Making Clothes (A CustomFit KAL)

On Saturday, CustomFit will be a month old. Jackie and I were talking about this on the long drive to NY last weekend, and about the next sweaters we plan to make for ourselves. You see, we’re using the same yarn. And I mean the exact same yarn.

post-retreat-4

It’s the coppery yarn in this picture, which is String Theory Caper Aran in “Canyon”. We both grabbed it at our retreat, and discussed at the time what a fun idea it would be to explore the different pieces of clothing you might get from the same materials.

And that word – clothing – is vastly, vastly important. It’s been the subject of many a conversation around here, these past several months.

It’s funny, really, the language we sometimes use around our knitting. I tend to think of my yarn and needles as the raw ingredients to fabric, of the fabric I produce as the raw ingredient to clothing. But I feel that knitters often don’t talk about creating clothing. We talk about knitting sweaters, maybe. And sometimes we wear them. But I think sweater knitting is intimidating enough for many knitters, without adding the extra pressure of making it clothing, too.

But clothing is what I’m all about. I’m not a “What Not to Wear” lady, and I have no interest in dictating anyone’s personal style to them. Knit to Flatterwas about helping knitters make clothing, by focusing on teasing apart the reasons we might like one sweater more than another. Why we might pull this thing out of the closet twice a week, and leave that thing to linger.

Let’s be clear, now: It’s damn hard to wear clothing that doesn’t fit properly. Every time we put on something that isn’t quite right, we get the message that there’s maybe something wrong with us. When really, there’s nothing wrong with us or our bodies–we just happen to live in a world of mass-produced clothing, where everything is created for some mythical “Ms. Average”.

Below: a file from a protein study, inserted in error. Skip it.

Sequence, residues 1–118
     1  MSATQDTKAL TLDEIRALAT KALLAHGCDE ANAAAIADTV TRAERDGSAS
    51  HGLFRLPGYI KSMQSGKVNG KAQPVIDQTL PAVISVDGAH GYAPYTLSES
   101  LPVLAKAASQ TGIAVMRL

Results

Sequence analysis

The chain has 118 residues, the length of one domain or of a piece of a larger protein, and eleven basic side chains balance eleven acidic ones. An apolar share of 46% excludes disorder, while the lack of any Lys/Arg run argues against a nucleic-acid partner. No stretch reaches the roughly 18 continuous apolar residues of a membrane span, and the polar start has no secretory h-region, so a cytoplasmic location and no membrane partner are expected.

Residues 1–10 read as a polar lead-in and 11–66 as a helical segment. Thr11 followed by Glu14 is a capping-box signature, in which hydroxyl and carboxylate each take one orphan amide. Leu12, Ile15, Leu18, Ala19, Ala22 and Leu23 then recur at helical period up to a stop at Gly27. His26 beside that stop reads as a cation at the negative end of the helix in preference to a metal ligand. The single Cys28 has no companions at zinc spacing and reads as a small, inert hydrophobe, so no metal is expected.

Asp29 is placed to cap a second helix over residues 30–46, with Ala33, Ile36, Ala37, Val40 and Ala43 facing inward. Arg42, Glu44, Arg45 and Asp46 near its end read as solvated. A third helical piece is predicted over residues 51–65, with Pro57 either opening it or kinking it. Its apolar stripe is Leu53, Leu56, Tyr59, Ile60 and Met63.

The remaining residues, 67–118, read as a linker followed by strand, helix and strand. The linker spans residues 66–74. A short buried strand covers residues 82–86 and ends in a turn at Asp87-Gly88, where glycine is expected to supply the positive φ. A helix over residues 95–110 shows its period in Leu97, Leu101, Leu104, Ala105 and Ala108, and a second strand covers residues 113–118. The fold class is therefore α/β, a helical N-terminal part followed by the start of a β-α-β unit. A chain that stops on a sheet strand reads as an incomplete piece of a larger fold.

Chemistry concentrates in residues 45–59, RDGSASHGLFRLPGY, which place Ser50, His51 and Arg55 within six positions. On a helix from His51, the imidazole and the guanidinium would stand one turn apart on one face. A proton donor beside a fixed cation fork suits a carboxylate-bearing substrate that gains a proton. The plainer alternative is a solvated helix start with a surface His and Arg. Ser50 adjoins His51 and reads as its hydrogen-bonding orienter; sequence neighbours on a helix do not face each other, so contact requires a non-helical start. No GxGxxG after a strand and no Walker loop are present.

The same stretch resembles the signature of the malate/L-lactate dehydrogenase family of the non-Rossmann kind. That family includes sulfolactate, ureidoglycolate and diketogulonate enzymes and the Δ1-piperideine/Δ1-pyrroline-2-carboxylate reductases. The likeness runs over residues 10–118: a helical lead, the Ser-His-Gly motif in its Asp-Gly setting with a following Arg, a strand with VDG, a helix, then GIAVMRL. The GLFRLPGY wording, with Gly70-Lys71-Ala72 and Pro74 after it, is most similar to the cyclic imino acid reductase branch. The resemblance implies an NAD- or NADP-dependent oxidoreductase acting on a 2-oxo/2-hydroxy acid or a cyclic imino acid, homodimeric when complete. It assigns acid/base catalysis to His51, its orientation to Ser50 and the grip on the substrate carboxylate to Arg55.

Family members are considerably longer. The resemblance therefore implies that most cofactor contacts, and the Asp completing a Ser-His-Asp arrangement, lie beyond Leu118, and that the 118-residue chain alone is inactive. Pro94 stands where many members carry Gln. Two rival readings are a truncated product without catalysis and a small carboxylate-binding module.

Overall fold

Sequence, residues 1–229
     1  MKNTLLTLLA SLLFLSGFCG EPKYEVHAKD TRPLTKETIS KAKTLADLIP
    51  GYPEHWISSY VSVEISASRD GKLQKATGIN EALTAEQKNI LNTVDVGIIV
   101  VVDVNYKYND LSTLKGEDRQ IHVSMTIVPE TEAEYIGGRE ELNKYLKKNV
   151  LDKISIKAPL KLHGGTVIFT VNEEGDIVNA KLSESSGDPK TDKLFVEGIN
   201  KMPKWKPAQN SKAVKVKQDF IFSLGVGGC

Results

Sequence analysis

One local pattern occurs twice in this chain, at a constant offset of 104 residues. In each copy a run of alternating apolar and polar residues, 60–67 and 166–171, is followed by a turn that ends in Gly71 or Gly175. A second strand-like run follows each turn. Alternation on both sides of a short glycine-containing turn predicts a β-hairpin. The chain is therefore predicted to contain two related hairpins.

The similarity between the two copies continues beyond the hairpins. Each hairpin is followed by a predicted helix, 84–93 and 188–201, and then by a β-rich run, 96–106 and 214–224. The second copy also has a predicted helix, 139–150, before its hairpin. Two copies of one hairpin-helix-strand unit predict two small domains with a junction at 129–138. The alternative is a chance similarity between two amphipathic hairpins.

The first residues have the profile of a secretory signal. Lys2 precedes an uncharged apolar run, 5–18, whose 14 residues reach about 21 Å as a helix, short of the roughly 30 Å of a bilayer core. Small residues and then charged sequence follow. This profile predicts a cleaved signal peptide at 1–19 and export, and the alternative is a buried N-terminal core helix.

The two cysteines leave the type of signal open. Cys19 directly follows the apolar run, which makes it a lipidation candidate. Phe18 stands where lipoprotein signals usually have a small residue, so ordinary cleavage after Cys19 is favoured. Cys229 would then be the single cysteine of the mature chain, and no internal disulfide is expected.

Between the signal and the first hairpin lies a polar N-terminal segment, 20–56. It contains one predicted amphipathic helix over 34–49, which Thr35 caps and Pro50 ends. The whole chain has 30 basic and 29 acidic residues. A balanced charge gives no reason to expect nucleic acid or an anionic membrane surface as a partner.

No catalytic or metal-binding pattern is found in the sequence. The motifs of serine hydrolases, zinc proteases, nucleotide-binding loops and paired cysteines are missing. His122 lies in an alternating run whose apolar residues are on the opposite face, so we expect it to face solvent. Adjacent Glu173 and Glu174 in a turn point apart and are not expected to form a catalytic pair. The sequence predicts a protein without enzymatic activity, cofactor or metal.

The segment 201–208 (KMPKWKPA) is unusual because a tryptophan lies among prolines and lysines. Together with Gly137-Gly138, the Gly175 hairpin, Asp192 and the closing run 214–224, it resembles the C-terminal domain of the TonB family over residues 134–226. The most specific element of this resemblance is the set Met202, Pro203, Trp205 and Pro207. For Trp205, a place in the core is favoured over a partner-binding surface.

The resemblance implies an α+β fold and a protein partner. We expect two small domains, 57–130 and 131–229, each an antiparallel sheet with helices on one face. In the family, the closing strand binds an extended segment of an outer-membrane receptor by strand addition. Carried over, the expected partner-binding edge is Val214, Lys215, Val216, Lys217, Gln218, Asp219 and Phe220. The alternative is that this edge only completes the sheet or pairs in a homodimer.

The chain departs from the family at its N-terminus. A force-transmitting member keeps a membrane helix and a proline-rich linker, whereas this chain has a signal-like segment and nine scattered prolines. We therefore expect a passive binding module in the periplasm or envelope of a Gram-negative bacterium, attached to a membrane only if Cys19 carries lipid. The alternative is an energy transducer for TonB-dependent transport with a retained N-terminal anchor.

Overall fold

CustomFit gives you instructions for clothing that fits you perfectly. But that’s not the only ingredient to making clothing you love to wear. Silhouette, fabric, proportion, finishing, detail… all of these things are important too. And I think that even once the intimidation of fit is taken away, these other things can feel scary.

So I’d like to invite you all to join me in a CustomFit Knit-A-Long. Because rather than being intimidating, these things should be fun. To help keep things fun, and create a piece of truly magical clothing, this is going to be a guided KAL. I’ve got a series of posts planned on

  • Design
  • Swatching
  • Fabric
  • Seaming & finishing

All aimed at breaking things down step-by-step. I’ve created a KAL Pinterest board as a place where we can share inspiration and join together as a community. Want to join in?

Typically, KALs start well enough in advance that everyone can find a yarn to work with the selected pattern. But any yarn works with CustomFit. And you don’t need to know what you’re making before you start. So we’re going to start the KAL on CustomFit’s 1-month anniversary by falling in love with a yarn and making a fabric we adore.

Cast on for your CustomFit KAL swatch this Saturday November 16. Pin inspiration pictures, swatch pictures, in-progress pictures, and FO shots with the hashtag customfit-kal. We’ll collect them on the board and inspire one another along the way.

It’s not a race, but a journey we’re taking together. Some sweaters will take longer to finish than others. But I think you’ll be pleasantly surprised at how easy sweater knitting can be… …and I suspect that along and around the new year, we’ll share our new clothes. My inspiration?